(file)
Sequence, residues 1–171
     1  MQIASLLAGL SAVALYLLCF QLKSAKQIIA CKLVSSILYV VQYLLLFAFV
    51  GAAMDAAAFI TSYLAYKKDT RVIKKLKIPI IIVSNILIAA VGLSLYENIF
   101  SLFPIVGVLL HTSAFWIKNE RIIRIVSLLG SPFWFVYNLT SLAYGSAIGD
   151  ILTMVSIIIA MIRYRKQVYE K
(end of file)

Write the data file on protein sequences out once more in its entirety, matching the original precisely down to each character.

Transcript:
Sequence, residues 1–171
     1  MQIASLLAGL SAVALYLLCF QLKSAKQIIA CKLVSSILYV VQYLLLFAFV
    51  GAAMDAAAFI TSYLAYKKDT RVIKKLKIPI IIVSNILIAA VGLSLYENIF
   101  SLFPIVGVLL HTSAFWIKNE RIIRIVSLLG SPFWFVYNLT SLAYGSAIGD
   151  ILTMVSIIIA MIRYRKQVYE K